- We probably do not want to reinforce the old model of the teacher learning something first and returning to class as the expert. Especially, when kids learn this stuff so fast or already know it. We need to do everything we can to honor the knowledge and wisdom of children.
- Sometimes, some teachers will make decisions that what they are learning is too difficult and students could not possibly use the technology. If kids are in the room doing “it,” these premature judgments never occur.
- Respond to the need of technical support in the classroom by building capacity within a team of teacher(s) and students to help each other after the training ends. It is also possible to build a level of excitement and expectation on the part of the students that lends energy to follow up.
- Move from a focus of training – how does the thing work — to a higher order skill of reflective practice: how do students learn? What challenges can we give students that we would never give before? How can teachers work together while teaching? How can we help students with their questions and their frustrations? At the core of good teaching is the quality of the relationship between teachers and students. This kind of learning environment provides teachers with the opportunity to reflect on how students learn together.
- Honor the knowledge and wisdom of teachers: After the students have acquired mastery – and they will – allow the students to say goodbye, and ask the teachers to share their observations of how students learned. In this way, teachers can add the value of their wisdom to the quality of the workshop.
- Collegiality: Challenge teachers during the debriefing to co-design activities for their students. Sometimes, if network infrastructure is available, teachers will design assignments that are shared between classrooms; such as students designing math challenges for one another or teachers sharing the assessment of students from another class.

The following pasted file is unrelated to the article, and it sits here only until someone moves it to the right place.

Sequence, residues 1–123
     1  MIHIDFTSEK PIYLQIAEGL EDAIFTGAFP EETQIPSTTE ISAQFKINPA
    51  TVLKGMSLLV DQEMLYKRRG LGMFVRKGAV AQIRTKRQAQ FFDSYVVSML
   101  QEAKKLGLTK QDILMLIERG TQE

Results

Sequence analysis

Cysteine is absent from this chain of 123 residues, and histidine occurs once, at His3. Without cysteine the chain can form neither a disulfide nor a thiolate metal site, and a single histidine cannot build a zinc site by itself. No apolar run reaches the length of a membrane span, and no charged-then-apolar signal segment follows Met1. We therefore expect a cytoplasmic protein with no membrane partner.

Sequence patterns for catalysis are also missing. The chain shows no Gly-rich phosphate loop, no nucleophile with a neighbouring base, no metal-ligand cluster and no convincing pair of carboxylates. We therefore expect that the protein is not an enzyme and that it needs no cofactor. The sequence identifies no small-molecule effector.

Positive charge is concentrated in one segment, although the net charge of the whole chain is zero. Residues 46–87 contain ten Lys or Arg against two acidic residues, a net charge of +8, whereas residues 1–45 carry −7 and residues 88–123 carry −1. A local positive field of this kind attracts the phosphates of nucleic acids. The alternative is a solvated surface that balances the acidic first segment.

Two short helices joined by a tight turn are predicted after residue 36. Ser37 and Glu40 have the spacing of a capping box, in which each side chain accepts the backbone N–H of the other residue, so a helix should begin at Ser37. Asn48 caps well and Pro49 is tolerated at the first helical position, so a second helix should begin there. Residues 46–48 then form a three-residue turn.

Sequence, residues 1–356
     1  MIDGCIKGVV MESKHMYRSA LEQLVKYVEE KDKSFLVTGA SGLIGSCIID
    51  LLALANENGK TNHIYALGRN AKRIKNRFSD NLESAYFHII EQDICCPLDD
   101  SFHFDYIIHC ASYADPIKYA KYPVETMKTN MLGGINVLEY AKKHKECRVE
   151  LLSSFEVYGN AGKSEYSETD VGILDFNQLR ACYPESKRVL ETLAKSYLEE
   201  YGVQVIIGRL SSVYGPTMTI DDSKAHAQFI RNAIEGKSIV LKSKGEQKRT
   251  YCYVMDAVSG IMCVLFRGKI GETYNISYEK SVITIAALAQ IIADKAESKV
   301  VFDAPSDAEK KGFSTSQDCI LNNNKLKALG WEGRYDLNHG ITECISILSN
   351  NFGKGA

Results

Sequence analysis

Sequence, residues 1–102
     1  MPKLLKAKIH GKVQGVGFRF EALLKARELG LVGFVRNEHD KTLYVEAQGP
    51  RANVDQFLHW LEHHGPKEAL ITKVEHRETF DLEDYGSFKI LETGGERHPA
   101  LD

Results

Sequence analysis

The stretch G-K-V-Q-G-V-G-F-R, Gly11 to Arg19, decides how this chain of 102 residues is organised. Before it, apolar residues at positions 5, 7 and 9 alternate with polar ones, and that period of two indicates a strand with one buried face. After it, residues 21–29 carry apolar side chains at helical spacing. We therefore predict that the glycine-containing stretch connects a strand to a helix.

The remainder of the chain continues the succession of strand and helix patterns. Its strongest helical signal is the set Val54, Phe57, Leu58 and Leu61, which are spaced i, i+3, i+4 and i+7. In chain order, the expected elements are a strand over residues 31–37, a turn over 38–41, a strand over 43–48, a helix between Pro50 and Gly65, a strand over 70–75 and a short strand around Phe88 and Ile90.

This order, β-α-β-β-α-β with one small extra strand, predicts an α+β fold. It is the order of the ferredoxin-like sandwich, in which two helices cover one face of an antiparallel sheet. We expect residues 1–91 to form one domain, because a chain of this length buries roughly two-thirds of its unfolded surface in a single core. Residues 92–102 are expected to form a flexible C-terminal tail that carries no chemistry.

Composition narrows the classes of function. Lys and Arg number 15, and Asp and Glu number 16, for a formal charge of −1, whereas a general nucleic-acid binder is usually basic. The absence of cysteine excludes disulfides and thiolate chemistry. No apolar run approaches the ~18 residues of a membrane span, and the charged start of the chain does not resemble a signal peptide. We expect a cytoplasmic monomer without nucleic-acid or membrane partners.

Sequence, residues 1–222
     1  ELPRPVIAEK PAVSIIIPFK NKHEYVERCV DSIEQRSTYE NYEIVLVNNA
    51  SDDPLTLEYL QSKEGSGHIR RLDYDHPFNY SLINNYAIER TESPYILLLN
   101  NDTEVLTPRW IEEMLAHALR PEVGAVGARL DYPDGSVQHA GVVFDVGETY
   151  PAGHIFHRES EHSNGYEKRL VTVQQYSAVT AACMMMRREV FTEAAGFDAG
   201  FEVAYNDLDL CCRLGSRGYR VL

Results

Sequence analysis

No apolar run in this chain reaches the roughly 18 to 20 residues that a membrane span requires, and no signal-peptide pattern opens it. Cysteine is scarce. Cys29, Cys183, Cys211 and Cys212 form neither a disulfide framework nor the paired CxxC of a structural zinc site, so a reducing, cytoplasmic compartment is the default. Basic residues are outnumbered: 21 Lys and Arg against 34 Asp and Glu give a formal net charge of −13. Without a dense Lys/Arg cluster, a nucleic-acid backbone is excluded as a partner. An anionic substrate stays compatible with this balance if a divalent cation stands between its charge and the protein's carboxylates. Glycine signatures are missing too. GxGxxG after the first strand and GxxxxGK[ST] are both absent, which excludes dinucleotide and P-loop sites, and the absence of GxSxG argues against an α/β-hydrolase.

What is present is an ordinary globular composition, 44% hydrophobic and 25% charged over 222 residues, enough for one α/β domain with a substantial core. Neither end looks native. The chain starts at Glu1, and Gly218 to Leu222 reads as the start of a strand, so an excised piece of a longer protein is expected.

- Not to be underestimated, it tends to be more professionally fulfilling to focus on the primary business of how to help kids learn rather than how to make the computers work.
The actual design of the staff development model includes four phases:
- Learn how students learn: Teachers are asked to watch how students make use of the technology with each other. Where are they struggling? Where are they delighted? Are they using their imagination – asking “what if” questions? Which students are taking the lead? Are the girls as involved as the boys? The purpose of this phase is for teachers to observe how students learn.
- Engage with students: Observation is not enough. After the students acquire facility, the role of the teacher is to ask the students to explain what they are doing with the computer. Through dialogue with the kids, teachers can deepen their understanding of what kids think they have learned. Then it becomes natural for the students to teach the teacher what they have learned.
- Reflective collegiality: After the students leave, this is valuable time for teachers to reflect together about their observations and ideas for follow up. It would not be unusual for teachers to plan activities together, especially if there is a network that encourages teachers to share student work.
- Continued dialogue: If the network is built into the reflection, the workshop is building capacity for teachers to continue the dialogue online.
What are we really after: the drill or the picture hanging the wall? It comes down to the qualitative difference between training and education. The technical skill of applying technology to help people learn is necessary. But, compared to the creative work of engaging and challenging students in new ways, technical skills are trivial. What is really important is to focus on new relationships; teacher to students, students to students; students to the world, teachers to teachers. It’s also about how willing we are as educators to shift the control of learning in the classroom from the teacher to the student.